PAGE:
Victims of cardiac arrest occurring outside the hospital: a source of transplantable kidneys.

Abstract

BACKGROUND The use of non-heart-beating donors could help shorten the list of patients who are waiting for a kidney transplant. Several reports describe acceptable results of transplantations from non-heart-beating donors who had in-hospital cardiac arrest, but few reports describe results of transplantations from non-heart-beating donors who had cardiac arrest that occurred outside of the hospital (Maastricht type I and type II donors). OBJECTIVE To compare graft survival rates among patients receiving kidneys from heart-beating donors versus type I or type II non-heart-beating donors. DESIGN Retrospective cohort study of transplantations performed from January 1989 to December 2004. SETTING Kidney transplant program of a teaching hospital in Madrid, Spain. PATIENTS 320 patients who received a kidney transplant from non-heart-beating donors (273 type I donors and 47 type II donors) and 584 patients who received a kidney transplant from heart-beating donors divided into 2 groups according to donor age (age <60 years [n = 458] and age > or =60 years [n = 126]). MEASUREMENTS The primary outcome measure was graft survival. The median follow-up time was 68 months (range, 9 to 198 months). RESULTS One- and 5-year graft survival rates were 90.7% and 85.5%, respectively, for transplants from heart-beating donors younger than 60 years of age; 79.8% and 73.3%, respectively, for transplants from heart-beating donors 60 years of age or older (P < 0.001); and 87.4% and 82.1%, respectively, for transplants from non-heart-beating donors (P = 0.22 [vs. those from heart-beating donors < 60 years of age] and P = 0.014 [vs. those from heart-beating donors >or = 60 years of age]). Graft survival did not differ between patients who received kidneys from heart-beating donors younger than 60 years of age and patients who received kidneys from non-heart-beating donors. LIMITATIONS This single-site, observational study was retrospective, and immunosuppressive therapy regimens given to transplant recipients varied over time. CONCLUSIONS Outcomes of transplants from non-heart-beating donors and younger heart-beating donors are similar, and results for transplants from non-heart-beating donors improved compared with those from older heart-beating donors. On the basis of these results, the authors encourage other transplant units to adopt the use of type I and type II non-heart-beating donors.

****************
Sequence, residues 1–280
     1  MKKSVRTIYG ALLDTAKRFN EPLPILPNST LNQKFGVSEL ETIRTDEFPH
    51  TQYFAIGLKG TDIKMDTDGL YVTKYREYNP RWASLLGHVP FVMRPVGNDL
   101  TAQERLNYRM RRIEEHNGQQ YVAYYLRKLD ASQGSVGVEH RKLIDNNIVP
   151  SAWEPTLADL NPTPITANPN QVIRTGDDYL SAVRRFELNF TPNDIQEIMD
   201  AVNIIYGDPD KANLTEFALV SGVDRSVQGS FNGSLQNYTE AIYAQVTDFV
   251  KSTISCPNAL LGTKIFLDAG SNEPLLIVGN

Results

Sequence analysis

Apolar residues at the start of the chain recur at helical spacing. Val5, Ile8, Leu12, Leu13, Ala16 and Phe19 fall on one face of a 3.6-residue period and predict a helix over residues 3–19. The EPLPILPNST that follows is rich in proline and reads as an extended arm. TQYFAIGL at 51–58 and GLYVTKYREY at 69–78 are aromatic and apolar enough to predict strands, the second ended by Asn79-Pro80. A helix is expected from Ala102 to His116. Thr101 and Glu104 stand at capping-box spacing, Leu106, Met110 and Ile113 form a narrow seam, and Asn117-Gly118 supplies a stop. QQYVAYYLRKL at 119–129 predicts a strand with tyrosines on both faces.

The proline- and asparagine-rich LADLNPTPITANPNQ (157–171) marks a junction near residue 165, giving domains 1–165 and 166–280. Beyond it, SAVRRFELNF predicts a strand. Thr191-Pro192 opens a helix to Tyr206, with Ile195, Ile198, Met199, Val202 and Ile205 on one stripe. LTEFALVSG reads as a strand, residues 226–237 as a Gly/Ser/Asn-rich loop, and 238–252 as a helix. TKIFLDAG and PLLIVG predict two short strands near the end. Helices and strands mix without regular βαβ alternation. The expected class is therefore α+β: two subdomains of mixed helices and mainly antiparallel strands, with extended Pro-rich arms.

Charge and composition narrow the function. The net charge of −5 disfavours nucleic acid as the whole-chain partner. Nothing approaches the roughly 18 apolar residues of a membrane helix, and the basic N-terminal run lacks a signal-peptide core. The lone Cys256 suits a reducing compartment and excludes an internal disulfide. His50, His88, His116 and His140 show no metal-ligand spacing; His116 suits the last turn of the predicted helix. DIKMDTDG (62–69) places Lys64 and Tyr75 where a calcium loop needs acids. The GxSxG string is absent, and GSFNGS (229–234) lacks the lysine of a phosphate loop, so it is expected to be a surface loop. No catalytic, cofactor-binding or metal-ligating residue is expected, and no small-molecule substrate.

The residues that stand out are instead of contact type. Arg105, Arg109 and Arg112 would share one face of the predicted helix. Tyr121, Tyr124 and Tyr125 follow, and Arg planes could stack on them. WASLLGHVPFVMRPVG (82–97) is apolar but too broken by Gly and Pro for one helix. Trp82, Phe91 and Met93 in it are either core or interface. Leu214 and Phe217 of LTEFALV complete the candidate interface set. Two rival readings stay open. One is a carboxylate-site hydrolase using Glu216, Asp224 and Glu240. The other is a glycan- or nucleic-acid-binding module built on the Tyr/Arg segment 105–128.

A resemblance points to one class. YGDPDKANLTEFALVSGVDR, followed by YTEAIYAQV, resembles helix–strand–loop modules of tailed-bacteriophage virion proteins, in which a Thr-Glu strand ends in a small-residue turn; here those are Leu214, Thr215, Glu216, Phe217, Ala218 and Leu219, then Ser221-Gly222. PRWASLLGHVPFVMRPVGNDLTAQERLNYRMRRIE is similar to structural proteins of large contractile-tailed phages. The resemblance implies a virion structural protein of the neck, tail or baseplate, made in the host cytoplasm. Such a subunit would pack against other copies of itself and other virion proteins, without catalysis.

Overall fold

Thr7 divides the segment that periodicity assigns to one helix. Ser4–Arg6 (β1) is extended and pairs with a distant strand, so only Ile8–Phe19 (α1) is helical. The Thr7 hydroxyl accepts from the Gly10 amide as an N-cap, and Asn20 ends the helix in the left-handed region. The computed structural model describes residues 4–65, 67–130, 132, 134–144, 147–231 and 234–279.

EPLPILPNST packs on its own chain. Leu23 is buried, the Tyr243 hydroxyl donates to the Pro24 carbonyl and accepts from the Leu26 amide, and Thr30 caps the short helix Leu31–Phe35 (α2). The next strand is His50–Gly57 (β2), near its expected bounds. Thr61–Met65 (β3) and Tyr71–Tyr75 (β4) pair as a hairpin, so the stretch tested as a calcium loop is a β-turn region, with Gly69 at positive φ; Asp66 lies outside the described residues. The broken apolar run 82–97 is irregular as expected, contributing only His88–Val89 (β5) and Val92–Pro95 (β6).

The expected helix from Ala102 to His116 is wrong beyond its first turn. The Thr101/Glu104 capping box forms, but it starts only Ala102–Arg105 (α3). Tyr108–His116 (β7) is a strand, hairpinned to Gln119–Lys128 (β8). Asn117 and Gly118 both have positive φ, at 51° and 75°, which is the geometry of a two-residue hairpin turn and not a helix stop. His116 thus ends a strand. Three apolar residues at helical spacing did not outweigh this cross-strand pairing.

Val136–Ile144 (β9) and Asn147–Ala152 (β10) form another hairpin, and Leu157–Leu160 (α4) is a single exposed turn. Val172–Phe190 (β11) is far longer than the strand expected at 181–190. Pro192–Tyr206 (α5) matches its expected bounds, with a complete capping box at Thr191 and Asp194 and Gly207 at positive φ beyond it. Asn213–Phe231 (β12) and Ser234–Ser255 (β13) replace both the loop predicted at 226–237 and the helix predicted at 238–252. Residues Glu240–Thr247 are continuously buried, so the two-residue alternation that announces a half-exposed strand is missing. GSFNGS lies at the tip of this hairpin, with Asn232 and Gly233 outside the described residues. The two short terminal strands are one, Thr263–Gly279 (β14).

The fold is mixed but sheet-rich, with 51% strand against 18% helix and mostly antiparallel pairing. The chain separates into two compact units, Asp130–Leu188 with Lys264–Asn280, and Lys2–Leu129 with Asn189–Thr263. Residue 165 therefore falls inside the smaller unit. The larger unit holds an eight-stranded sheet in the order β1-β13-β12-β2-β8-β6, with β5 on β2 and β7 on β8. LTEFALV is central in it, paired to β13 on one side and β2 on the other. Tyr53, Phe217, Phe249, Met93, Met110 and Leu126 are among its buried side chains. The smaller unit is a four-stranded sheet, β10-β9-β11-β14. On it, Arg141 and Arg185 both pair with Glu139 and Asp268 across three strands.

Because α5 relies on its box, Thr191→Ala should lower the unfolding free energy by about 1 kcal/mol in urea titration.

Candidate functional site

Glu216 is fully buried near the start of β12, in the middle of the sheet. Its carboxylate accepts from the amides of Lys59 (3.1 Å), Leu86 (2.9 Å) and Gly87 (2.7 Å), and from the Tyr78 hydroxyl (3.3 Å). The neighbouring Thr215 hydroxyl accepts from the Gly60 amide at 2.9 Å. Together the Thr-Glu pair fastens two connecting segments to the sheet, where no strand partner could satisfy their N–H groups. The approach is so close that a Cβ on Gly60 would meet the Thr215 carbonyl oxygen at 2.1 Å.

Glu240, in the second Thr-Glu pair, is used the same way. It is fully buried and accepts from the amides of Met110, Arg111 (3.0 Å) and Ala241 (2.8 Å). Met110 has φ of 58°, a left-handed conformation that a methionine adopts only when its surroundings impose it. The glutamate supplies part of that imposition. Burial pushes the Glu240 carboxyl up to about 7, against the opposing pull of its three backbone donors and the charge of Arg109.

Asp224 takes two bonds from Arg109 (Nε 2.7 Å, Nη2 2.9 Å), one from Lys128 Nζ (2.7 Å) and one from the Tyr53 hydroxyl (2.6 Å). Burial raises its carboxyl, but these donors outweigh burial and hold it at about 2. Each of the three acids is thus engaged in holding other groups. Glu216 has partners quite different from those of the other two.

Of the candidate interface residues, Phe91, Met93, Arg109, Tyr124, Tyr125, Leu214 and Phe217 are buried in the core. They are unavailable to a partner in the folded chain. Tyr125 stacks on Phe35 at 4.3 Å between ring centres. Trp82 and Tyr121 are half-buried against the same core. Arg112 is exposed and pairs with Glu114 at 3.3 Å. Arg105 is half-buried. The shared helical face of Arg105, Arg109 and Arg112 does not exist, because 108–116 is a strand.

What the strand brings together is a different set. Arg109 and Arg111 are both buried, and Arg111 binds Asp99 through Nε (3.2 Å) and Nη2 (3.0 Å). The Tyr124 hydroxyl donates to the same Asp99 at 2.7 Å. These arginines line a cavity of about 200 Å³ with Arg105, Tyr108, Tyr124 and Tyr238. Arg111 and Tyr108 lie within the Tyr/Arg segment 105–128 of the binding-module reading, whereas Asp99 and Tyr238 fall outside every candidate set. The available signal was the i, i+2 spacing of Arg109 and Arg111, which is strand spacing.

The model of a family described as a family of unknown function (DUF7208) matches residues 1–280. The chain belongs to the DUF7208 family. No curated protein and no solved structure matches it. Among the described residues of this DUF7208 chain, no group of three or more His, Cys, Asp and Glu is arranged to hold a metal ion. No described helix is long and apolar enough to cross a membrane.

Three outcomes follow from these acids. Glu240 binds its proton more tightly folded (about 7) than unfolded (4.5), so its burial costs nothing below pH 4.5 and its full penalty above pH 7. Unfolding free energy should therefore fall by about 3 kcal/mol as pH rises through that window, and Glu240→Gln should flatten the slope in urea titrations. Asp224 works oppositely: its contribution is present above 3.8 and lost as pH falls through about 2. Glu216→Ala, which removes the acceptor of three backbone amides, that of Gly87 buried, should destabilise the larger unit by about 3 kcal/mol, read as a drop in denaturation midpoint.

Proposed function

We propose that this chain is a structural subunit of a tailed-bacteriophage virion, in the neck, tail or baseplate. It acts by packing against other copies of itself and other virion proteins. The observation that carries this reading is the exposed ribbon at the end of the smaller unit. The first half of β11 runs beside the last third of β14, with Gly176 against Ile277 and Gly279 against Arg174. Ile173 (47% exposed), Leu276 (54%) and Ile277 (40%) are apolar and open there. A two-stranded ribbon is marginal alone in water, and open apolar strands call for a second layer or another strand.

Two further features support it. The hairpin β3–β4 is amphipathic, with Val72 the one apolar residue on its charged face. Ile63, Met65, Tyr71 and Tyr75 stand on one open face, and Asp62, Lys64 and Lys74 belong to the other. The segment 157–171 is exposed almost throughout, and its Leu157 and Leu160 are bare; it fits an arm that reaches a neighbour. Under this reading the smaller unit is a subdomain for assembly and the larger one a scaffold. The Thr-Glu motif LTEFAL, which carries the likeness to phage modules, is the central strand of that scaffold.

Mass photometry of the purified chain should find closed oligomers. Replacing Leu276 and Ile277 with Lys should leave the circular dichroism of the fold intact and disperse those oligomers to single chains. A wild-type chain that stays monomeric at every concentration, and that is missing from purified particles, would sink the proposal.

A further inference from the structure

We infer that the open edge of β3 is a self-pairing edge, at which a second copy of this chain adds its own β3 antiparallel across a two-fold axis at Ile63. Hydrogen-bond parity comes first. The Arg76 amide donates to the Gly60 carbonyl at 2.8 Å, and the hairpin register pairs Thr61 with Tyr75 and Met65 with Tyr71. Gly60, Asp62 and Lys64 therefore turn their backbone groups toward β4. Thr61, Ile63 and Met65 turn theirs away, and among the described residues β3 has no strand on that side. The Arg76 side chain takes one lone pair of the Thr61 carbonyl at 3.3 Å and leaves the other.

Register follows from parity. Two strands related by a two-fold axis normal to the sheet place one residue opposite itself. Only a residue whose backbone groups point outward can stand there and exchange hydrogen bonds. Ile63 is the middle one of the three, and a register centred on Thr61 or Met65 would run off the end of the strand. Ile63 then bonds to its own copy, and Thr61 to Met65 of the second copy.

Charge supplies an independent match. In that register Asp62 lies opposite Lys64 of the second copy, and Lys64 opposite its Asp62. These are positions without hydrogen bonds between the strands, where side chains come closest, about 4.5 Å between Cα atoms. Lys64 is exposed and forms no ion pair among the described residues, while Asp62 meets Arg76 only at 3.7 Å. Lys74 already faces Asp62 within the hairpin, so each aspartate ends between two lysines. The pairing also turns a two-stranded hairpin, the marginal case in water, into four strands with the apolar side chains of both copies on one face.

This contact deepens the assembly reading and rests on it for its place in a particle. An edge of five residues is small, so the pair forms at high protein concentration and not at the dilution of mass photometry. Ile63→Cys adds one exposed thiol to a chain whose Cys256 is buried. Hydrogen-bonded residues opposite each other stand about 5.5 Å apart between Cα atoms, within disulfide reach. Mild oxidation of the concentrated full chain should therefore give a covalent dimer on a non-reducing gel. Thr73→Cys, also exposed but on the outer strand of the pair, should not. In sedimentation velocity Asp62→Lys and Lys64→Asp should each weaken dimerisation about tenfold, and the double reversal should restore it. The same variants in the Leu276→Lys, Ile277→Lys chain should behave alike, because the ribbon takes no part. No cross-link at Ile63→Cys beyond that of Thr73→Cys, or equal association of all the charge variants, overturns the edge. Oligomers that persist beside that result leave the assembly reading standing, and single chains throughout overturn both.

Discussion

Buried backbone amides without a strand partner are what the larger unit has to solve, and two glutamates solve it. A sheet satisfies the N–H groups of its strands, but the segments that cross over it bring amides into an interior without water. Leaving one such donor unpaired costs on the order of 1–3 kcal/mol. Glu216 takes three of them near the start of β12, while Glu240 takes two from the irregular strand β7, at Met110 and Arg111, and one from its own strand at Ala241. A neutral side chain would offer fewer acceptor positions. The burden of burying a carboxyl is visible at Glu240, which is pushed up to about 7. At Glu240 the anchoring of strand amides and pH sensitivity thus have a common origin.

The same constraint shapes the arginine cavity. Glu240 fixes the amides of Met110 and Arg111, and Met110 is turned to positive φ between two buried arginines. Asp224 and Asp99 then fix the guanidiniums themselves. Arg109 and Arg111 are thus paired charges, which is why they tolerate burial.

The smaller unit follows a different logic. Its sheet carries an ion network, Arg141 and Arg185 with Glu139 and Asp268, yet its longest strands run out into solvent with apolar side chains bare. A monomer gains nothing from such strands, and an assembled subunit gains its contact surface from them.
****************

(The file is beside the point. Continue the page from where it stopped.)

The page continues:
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@article{SnchezFructuoso2006VictimsOC, title={Victims of cardiac arrest occurring outside the hospital: a source of transplantable kidneys.}, author={Ana I S{\'a}nchez-Fructuoso and Maria Marques and Dolores Prats and Jos{\'e} Conesa and Natividad Calvo and M Jes{\'u}s P{\'e}rez-Cont{\'i}n and Jes{\'u}s Blazquez and Cristina Fern{\'a}ndez and Ervigio Corral and Francisco Del R{\'i}o and Jose R N{\'u}{\~n}ez and Alberto Barrientos}, journal={Annals of internal medicine}, year={2006}, volume={145 3}, pages={157-64} }